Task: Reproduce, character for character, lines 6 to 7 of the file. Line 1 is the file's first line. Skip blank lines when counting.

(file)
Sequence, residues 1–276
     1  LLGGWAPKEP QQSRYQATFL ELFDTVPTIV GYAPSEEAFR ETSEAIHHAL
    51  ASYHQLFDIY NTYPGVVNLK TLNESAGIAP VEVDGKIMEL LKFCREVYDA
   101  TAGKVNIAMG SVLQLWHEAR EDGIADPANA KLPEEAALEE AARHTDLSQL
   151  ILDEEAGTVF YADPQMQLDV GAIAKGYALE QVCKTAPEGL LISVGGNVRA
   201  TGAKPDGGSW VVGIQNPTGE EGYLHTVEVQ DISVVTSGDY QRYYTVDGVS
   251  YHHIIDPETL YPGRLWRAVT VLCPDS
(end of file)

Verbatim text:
   201  TGAKPDGGSW VVGIQNPTGE EGYLHTVEVQ DISVVTSGDY QRYYTVDGVS
   251  YHHIIDPETL YPGRLWRAVT VLCPDS